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Resource-based Invasive Plant Management

by Julie Richburg

As regional ecologist for The Trustees of Reservations, I work with my colleagues to ensure that the natural resources of our properties (including rare species) are protected from threats such as erosion, non-native invasive plants, and inappropriate use. With more than 40 properties within my region totaling nearly 10,000 acres, we must prioritize what gets done. Non-native invasive plants are found on nearly every property in Massachusetts, at least at some level, and are often regarded as one of the greatest threats to the native habitats and species on our properties. So where do we start? At The Trustees, we have been taking a careful and deliberate look at where to use our resources (staff, volunteers, and financial) to control invasive plants, using our Invasive Plant Management Guidelines. The following is one case study that illustrates how we use this tool to structure our priorities.

Preserving a Landmark

Bartholomew’s Cobble, a National Natural Landmark, lies along the Housatonic River in Sheffield, Massachusetts and has long been recognized as a place of outstanding ecological, scenic, and recreational value. The 330-acre reservation includes agricultural fields, rock outcrops, wetlands, floodplain forests, and woodlands. It is home to many state-listed species, many of which are specialists on the Cobbles’ calcareous soils or in its floodplain habitats. About ten years ago, we began to realize that the very species that we were most concerned with protecting were being lost amongst an ever increasing population of invasive species including Japanese barberry, garlic mustard, and common buckthorn.

Bartholomew's Cobble is home to many state-listed species that, in 2003, were being lost to invasives. South Cobble became a high-priority area for resource allocation.

In 2003, we conducted a survey of the plants of the Cobble with an emphasis on relocating rare and unusual species, mapping plant communities, and assessing the effect of invasive species on rare plants and communities. Since we were new to invasive plant control, we began a slow and careful attempt to rid key invasive plants from sections of the property using a small but dedicated cadre of staff and volunteers. As we gained confidence that we could control the invasives without negatively impacting the species we were trying to protect, we increased our efforts from only hand-pulling, to cutting woody shrubs and painting the stumps with herbicide, and eventually even doing some foliar spray.

Invasive species are ranked and prioritized in different areas to give clear indication of where to apply resources.

Devising a Plan – and Sticking to It!

As we began to see success with these control projects, we slowly expanded our efforts to include more of the property and more species. In 2009, we completed an Invasive Plant Management Plan for the entire 330 acre reservation to serve as a roadmap for our staff and volunteers to continue our focus on the most important features of the reservation. Significantly, the plan designates areas or species that we will NOT try to control. In the case of Bartholomew’s Cobble, the area of active management is narrowed to the 85 acres surrounding our most important rare species. Making a deliberate decision to walk away from a part of the property is very difficult, especially for those staff working at the Cobble daily. Yet with limited resources and many properties to work on, there needs to be a balance between what can get done and what needs to be left alone and having a written plan keeps everyone on task. The plan also serves to record our successes and the resources that were required to achieve those successes so that the information can be factored into future efforts.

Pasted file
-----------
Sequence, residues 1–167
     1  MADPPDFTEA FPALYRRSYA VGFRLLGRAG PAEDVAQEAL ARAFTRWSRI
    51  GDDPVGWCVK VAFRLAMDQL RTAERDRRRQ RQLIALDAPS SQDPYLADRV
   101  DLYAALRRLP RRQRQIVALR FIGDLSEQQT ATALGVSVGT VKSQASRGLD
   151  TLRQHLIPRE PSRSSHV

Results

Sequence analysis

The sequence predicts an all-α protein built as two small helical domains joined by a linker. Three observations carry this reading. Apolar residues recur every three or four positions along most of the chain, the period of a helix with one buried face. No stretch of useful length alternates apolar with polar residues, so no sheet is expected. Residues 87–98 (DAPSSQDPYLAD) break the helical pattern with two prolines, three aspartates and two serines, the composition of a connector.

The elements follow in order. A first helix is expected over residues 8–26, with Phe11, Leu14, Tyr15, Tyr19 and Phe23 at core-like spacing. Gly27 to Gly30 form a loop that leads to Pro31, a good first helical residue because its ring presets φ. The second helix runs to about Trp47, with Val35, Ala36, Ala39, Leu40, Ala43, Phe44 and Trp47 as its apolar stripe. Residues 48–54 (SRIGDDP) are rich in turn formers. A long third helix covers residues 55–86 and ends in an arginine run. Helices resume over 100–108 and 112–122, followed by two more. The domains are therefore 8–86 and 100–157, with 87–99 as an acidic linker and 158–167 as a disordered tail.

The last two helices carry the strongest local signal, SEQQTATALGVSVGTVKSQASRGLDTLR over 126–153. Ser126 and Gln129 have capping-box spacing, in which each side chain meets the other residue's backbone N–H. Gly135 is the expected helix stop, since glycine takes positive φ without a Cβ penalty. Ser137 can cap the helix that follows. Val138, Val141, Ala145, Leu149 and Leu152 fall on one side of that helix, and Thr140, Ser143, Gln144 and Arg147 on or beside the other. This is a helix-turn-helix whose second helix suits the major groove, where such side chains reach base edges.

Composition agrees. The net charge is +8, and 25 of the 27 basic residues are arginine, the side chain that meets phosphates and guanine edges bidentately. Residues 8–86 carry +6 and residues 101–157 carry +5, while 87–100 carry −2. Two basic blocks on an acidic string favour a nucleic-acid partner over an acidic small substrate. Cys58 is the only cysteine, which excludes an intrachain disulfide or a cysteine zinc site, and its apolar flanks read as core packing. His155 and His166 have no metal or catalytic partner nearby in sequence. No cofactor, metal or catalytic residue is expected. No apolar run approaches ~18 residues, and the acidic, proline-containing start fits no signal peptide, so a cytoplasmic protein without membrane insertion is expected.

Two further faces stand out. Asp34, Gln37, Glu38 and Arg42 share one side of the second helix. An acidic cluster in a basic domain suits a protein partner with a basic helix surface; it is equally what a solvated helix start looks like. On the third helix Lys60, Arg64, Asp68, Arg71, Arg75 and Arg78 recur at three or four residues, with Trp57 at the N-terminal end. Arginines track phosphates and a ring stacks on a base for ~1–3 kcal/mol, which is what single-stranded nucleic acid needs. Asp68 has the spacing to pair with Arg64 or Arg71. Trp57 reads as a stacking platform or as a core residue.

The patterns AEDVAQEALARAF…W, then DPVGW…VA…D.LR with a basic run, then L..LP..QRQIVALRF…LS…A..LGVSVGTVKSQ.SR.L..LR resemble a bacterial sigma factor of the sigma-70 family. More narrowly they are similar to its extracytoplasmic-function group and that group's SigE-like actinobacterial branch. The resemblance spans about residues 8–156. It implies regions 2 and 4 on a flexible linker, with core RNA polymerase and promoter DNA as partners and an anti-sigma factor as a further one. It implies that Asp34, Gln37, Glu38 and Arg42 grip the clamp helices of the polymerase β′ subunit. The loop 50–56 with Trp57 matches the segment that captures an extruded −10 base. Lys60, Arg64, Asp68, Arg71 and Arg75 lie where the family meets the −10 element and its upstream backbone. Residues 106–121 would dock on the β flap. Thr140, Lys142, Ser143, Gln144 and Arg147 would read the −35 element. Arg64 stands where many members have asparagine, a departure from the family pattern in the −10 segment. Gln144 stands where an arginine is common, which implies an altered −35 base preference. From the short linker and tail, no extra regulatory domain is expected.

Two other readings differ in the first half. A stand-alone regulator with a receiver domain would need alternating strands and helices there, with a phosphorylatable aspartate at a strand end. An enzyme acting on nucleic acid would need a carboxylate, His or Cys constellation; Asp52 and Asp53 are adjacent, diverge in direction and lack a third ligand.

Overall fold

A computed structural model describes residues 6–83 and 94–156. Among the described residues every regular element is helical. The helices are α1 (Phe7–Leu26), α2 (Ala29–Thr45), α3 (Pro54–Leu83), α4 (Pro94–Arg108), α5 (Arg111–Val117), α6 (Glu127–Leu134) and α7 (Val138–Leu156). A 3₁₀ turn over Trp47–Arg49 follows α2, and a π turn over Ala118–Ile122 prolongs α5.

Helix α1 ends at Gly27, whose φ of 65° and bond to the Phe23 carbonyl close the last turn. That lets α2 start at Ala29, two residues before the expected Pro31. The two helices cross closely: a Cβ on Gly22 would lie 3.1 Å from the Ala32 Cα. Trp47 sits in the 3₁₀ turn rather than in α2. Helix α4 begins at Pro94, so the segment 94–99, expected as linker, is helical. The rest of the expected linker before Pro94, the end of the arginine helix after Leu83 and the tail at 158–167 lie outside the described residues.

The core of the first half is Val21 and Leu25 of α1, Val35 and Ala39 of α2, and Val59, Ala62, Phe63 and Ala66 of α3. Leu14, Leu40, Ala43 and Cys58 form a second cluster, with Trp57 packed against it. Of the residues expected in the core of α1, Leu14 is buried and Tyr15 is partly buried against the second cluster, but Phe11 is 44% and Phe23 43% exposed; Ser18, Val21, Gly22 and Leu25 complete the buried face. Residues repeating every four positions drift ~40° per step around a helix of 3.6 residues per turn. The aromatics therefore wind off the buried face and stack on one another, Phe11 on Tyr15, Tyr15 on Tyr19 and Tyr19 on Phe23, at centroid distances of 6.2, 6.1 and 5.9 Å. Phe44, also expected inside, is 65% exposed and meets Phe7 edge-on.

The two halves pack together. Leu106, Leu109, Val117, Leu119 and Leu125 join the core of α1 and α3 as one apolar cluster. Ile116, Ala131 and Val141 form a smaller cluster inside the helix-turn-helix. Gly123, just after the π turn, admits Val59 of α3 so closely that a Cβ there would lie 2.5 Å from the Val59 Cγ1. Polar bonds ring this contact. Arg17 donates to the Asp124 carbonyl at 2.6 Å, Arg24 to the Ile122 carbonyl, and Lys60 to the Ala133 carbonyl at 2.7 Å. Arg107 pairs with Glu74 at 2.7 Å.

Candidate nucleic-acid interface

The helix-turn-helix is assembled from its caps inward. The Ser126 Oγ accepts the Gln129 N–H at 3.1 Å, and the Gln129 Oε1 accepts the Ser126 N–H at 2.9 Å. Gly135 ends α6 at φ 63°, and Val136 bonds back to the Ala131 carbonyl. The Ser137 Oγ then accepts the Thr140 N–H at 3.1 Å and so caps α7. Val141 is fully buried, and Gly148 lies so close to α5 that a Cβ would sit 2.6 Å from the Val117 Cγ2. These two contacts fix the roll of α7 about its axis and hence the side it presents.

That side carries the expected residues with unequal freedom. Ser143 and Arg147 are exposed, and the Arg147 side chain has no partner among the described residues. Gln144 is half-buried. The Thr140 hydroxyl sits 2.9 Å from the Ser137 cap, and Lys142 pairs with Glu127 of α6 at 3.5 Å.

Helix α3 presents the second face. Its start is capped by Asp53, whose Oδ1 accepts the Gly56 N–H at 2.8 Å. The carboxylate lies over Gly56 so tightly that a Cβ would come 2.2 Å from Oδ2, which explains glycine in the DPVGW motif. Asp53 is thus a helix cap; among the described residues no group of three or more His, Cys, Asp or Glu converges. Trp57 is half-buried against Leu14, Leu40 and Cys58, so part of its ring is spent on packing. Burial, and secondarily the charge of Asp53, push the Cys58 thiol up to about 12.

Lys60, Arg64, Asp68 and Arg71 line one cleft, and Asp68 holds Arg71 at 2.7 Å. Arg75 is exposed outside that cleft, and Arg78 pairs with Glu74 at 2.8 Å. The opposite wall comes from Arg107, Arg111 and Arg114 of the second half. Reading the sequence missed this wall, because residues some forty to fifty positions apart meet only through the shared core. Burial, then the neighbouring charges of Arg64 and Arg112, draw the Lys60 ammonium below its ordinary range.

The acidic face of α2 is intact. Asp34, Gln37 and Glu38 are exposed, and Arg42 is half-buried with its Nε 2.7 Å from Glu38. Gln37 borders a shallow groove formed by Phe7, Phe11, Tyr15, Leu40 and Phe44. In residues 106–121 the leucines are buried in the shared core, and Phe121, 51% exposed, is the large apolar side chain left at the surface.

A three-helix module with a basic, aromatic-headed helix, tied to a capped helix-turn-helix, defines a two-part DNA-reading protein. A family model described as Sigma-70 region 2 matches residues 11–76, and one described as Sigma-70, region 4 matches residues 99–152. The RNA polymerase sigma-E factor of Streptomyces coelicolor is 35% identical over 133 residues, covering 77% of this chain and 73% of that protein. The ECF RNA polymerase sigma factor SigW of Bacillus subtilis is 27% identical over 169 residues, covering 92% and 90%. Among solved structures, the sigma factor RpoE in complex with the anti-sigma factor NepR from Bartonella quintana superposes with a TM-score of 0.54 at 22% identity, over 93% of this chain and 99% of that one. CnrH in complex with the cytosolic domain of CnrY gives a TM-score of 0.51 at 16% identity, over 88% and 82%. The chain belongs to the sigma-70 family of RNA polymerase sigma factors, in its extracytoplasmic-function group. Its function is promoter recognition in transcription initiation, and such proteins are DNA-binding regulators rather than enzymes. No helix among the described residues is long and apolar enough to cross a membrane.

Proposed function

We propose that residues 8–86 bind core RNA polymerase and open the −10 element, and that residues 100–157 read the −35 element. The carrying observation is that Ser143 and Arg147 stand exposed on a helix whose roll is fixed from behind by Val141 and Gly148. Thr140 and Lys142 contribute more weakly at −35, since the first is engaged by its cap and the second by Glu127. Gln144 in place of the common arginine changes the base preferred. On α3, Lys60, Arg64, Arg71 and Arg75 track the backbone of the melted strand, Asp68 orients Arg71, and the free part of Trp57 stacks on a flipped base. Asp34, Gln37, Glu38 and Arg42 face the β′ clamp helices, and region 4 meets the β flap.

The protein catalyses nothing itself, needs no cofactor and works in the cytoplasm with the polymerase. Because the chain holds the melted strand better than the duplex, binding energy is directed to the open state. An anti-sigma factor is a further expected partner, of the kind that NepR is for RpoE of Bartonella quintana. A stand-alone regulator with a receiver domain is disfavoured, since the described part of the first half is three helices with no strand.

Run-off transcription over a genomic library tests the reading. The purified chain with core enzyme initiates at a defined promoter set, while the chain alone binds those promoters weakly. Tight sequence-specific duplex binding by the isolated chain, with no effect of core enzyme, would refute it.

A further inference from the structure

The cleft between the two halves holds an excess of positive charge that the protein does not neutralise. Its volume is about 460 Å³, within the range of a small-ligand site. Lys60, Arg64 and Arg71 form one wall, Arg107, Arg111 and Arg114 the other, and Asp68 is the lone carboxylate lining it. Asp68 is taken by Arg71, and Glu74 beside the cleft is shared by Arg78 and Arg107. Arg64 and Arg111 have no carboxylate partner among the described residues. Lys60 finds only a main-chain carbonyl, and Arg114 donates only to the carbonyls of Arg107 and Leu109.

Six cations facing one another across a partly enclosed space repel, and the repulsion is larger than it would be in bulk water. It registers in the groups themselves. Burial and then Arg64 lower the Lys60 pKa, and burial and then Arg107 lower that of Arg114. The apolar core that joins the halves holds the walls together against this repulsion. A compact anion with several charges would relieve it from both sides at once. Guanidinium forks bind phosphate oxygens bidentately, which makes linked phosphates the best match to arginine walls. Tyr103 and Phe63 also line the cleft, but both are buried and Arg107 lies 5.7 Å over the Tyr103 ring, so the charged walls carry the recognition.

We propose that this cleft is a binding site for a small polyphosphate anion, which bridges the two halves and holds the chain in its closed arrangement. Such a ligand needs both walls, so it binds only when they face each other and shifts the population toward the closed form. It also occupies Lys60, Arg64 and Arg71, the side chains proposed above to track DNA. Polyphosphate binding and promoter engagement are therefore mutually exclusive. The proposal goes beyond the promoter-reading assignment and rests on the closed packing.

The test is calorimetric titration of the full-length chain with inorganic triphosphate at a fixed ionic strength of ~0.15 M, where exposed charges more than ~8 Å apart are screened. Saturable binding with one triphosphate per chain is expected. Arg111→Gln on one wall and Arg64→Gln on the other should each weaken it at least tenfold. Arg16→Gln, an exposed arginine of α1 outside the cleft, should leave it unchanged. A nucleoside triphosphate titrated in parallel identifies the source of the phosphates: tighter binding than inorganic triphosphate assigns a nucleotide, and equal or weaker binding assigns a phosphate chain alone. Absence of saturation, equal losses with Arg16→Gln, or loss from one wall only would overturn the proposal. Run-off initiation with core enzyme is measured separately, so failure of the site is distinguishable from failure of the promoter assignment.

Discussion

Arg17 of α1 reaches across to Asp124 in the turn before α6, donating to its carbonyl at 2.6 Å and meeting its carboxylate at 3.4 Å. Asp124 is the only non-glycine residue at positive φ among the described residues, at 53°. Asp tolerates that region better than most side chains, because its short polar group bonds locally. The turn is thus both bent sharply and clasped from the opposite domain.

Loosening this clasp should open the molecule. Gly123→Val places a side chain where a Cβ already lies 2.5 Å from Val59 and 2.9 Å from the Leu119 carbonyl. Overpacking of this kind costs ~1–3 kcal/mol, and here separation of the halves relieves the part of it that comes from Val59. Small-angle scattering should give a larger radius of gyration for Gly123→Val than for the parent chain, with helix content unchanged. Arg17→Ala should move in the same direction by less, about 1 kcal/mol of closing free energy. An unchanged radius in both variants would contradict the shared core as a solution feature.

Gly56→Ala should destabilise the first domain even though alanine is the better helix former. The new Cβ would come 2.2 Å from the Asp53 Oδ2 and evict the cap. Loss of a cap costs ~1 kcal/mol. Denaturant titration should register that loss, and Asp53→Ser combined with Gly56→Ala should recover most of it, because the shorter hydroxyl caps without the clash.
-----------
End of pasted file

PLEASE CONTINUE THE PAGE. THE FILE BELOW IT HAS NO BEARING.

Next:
Whether you are managing a large piece of conservation land, or just your own backyard you can effectively manage invasive plants by following a few key guidelines.

1) Identify what you want. This often gets lost in the rush to get rid of the undesirable invasives. In our case, we wanted to protect rare species, but you may want to see more butterflies or have more bird habitat.

2) Learn about the biology of species you want to get rid of, aka know your enemy. Is the plant shade tolerant? Spread by rhizomes? Does it like its feet wet? Also, what is the size of the infestation and where is it? All of these will influence how to control the species.

3) Develop a reasonable timeline and be realistic. Very few invasive plant control efforts completely eradicate a species (especially if your neighbor has a large burning bush that sends new seeds your way every year). A little persistence and a keen eye can catch seedlings before they get out of hand and make it easier to maintain the habitat the way you want it – and don’t we all want a good excuse to spend time closely observing our favorite places!

About the Author

Julie Richburg, PhD, is the Regional Ecologist for The Trustees of Reservations (a state-wide non-profit land trust) Western Region in MA. She oversees natural resource inventory and management for the 40 properties (approx. 9,000 acres) owned or managed by The Trustees. While at UMass Amherst, Dr. Richburg’s research focused on control of woody invasive plants using mechanical and prescribed fire treatments across the Northeast. In 2008, she wrote “Invasive Plant Management: Guidelines for Managers” which includes guidelines for prioritizing invasive plant management by property or region. In 2009, she organized a partnership of individuals, organizations, and agencies interested in invasive species control within the Westfield River Watershed. She may be reached at